Large-scale abandonment of livestock rearing—alongside other traditional country activities—and the introduction of forestry is favouring the woodland’s renaissance, creating new opportunities for social, ecological and productive sectors. Timber production and livestock farming form a symbiosis, with a modern outlook and a twist of tradition. The community directly manages the timber from the plantations, and members individually take their livestock to graze on fields provided for this purpose. Instead of being obstacles, the two activities support each other: fields are arranged and interspersed in such a way that they act as fire barriers between the plots used for producing timber (moreover, plantations are never cut en masse but selectively using clearings), while profits from the sale of timber are invested in maintaining the fields through fences, gates, sowing and clearing. Meanwhile, the community can continue its traditions of gathering wood, gorse and heather for stables, as well as new activities such as foraging for mushrooms and using spaces for relaxation.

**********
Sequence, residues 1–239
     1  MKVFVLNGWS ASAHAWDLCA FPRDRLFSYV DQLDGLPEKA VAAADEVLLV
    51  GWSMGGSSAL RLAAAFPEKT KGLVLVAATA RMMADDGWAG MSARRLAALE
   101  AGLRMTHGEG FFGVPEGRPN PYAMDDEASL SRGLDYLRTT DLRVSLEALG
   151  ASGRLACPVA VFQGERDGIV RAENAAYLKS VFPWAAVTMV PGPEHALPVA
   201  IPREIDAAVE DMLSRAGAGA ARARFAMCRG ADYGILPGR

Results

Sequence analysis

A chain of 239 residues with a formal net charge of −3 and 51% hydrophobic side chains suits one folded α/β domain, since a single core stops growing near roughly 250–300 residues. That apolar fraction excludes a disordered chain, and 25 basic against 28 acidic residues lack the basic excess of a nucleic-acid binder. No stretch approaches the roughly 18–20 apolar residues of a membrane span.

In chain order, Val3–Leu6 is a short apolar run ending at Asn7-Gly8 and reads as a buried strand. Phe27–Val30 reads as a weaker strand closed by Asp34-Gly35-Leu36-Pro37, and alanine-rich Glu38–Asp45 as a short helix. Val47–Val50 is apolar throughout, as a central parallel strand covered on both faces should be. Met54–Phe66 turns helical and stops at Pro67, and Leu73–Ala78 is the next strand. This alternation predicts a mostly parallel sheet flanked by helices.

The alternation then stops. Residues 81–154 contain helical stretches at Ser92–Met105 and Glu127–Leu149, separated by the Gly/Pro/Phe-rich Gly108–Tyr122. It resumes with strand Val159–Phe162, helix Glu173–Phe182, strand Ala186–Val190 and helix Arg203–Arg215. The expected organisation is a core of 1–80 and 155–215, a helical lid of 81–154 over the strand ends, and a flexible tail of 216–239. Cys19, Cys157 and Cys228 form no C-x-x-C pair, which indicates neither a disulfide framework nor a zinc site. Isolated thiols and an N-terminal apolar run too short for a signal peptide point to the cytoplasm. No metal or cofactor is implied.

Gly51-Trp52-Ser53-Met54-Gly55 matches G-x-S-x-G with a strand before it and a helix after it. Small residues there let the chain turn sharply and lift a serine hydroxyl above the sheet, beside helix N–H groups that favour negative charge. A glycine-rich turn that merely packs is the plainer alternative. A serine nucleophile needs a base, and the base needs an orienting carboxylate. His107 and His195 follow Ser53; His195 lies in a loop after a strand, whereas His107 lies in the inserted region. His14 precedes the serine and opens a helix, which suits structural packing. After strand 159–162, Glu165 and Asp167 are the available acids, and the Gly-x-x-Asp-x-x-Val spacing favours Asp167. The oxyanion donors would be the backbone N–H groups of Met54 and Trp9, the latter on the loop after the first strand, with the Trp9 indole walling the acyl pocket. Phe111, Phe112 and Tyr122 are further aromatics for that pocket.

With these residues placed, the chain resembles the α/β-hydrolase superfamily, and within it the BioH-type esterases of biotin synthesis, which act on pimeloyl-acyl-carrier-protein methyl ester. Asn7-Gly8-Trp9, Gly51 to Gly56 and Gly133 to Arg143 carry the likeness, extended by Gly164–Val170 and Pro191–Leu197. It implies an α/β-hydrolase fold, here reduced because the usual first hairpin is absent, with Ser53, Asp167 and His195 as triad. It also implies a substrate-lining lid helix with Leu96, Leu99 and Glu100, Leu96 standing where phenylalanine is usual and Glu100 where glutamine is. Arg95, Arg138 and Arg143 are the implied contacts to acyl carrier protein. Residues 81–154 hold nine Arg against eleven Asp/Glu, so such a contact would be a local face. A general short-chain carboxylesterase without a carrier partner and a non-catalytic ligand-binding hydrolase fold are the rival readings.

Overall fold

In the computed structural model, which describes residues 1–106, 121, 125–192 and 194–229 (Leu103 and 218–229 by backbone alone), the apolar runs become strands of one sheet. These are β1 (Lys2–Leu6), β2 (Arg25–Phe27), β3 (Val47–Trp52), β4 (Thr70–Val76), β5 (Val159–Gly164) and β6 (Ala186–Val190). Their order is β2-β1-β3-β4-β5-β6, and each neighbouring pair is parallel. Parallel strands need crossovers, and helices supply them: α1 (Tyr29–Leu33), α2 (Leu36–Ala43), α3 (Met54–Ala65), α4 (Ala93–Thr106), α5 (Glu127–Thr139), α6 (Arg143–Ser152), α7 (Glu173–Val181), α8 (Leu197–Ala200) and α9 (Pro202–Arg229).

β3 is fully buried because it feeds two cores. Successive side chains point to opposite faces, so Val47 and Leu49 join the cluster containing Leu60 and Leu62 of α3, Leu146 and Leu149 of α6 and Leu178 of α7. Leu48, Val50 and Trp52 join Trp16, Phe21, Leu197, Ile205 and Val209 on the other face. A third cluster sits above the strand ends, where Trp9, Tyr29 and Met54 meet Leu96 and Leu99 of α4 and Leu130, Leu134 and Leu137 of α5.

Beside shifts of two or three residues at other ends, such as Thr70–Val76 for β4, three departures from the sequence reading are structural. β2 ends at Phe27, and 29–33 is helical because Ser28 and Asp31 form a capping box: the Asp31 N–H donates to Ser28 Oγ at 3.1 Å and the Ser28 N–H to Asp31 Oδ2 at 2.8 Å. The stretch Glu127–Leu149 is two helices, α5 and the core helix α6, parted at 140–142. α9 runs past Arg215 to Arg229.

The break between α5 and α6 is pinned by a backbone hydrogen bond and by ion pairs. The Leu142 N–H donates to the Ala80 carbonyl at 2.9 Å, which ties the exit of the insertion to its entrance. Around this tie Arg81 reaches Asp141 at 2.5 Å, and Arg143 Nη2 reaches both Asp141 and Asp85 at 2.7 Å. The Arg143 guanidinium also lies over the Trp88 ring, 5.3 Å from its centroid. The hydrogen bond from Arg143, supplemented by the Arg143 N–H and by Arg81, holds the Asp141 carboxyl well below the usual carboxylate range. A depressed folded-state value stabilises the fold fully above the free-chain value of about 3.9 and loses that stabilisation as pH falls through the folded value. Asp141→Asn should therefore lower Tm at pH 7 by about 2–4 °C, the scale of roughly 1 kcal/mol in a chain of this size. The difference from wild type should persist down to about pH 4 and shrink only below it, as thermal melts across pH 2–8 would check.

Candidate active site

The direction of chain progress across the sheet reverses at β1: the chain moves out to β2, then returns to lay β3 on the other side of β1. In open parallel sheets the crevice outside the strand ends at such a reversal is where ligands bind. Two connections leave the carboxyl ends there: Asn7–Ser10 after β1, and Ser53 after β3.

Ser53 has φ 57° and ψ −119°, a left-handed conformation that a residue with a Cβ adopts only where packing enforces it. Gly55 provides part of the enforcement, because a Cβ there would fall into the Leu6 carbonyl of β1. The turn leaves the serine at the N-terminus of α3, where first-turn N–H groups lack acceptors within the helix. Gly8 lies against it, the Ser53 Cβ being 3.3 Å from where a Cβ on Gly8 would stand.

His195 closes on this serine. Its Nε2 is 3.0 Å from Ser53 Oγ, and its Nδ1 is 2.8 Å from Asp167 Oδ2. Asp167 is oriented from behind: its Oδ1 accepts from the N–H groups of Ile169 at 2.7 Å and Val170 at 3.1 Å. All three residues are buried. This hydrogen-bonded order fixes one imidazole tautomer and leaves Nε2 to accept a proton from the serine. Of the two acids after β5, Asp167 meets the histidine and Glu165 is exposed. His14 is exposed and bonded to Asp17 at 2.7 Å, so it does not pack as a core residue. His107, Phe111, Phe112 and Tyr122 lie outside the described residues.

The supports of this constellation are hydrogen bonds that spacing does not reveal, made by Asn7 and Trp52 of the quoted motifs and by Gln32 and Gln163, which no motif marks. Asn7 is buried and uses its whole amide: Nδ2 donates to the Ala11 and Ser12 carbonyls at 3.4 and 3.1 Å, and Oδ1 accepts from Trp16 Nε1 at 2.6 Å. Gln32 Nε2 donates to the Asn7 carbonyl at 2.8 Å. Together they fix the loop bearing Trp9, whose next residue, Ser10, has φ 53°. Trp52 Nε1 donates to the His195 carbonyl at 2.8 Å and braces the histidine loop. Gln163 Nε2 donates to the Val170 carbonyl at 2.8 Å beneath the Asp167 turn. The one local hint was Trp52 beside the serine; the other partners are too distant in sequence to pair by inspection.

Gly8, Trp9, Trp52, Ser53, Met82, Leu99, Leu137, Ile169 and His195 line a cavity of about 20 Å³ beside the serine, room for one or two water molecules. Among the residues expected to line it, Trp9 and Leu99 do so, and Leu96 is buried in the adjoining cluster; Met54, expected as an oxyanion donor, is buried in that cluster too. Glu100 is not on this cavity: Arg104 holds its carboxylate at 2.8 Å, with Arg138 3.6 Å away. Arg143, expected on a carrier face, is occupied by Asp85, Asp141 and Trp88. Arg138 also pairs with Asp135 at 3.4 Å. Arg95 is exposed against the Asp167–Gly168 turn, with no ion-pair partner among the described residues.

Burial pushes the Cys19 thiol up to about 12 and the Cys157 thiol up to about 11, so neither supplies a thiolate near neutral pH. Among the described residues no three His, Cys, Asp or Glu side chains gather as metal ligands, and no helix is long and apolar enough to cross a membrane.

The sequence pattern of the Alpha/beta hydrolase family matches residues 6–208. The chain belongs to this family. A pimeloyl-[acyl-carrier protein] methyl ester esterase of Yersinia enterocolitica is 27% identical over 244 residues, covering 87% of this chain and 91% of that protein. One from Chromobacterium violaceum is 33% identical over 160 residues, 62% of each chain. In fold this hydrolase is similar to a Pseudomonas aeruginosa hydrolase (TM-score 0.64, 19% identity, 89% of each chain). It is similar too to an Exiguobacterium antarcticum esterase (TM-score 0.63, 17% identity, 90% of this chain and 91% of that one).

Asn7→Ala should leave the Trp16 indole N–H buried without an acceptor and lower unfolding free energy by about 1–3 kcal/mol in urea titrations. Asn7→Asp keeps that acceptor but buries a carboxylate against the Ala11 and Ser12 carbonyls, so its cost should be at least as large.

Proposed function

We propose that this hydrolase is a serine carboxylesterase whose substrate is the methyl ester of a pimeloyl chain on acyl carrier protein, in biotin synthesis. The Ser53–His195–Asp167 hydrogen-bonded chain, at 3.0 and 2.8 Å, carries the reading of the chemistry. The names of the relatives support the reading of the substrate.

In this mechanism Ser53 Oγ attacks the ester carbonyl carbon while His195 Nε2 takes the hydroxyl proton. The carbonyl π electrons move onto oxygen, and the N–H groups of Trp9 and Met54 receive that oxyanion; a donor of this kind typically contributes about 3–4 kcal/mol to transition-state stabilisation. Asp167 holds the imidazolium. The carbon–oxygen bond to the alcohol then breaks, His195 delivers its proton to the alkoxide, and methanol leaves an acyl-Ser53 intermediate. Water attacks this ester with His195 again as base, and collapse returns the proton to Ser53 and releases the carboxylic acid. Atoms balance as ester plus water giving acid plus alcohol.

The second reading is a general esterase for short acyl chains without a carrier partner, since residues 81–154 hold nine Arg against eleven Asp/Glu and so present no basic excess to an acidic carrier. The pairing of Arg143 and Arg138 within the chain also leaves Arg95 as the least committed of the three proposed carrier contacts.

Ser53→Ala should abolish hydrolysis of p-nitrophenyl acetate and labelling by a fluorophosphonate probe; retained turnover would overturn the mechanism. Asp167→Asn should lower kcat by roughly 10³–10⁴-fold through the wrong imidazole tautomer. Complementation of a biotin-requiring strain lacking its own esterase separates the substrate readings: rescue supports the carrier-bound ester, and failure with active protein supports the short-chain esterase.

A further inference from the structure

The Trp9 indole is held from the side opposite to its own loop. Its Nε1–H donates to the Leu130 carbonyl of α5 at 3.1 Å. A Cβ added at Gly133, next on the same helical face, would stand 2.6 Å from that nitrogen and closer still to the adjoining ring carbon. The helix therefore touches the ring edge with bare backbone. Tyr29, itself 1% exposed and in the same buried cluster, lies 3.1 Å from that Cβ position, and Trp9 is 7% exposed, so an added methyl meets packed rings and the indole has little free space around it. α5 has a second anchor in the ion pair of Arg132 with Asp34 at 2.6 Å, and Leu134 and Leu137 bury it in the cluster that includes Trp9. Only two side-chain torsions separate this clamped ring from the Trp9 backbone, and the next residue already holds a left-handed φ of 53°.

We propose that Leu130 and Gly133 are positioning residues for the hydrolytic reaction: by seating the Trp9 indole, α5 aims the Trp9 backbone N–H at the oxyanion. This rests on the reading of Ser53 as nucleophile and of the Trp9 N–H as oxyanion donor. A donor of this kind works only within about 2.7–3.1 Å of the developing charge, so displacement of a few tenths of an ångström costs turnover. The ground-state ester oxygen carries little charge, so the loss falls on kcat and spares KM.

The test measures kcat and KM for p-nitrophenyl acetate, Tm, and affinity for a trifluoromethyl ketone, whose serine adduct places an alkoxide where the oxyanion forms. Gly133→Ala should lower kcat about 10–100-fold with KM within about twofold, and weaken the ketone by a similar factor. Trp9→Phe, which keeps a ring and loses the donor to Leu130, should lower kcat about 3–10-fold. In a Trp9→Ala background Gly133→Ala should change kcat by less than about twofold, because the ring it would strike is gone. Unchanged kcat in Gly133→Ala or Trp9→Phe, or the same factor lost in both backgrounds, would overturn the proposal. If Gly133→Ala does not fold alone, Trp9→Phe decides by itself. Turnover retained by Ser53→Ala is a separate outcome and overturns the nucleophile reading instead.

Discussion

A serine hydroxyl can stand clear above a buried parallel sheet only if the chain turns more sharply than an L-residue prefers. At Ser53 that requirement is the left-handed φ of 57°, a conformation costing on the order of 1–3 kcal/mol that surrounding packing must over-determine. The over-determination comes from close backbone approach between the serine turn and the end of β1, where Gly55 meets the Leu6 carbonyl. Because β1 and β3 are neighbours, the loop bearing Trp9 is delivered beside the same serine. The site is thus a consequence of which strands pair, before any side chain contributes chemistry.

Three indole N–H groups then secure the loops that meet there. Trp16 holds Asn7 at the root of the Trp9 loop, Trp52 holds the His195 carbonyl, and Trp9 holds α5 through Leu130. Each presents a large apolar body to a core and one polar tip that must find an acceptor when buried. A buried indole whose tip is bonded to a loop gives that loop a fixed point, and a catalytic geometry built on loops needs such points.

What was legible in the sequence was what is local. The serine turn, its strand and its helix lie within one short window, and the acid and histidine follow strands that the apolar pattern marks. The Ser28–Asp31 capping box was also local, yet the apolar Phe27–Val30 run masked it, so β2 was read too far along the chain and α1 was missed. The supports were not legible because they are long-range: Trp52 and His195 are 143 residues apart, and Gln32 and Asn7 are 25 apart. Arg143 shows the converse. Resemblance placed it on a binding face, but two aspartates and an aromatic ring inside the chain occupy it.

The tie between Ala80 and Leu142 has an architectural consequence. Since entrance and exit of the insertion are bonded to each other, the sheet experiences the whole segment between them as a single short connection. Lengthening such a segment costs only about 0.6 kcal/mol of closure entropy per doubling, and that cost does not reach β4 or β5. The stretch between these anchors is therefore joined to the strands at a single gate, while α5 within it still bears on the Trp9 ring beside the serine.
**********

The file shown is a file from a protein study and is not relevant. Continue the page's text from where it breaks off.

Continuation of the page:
Production plays a fundamental role, since the activities and jobs that take place in the woodlands revolve around it. It is productive activity that makes it possible to invest in improving the common property and in conservation, with four main priorities: the upkeep of the plantations, looking after the network of paths, the protection and restoration of archaeological and ethnographic assets, and preserving biodiversity (distributed throughout the different habitats and natural flora and fauna).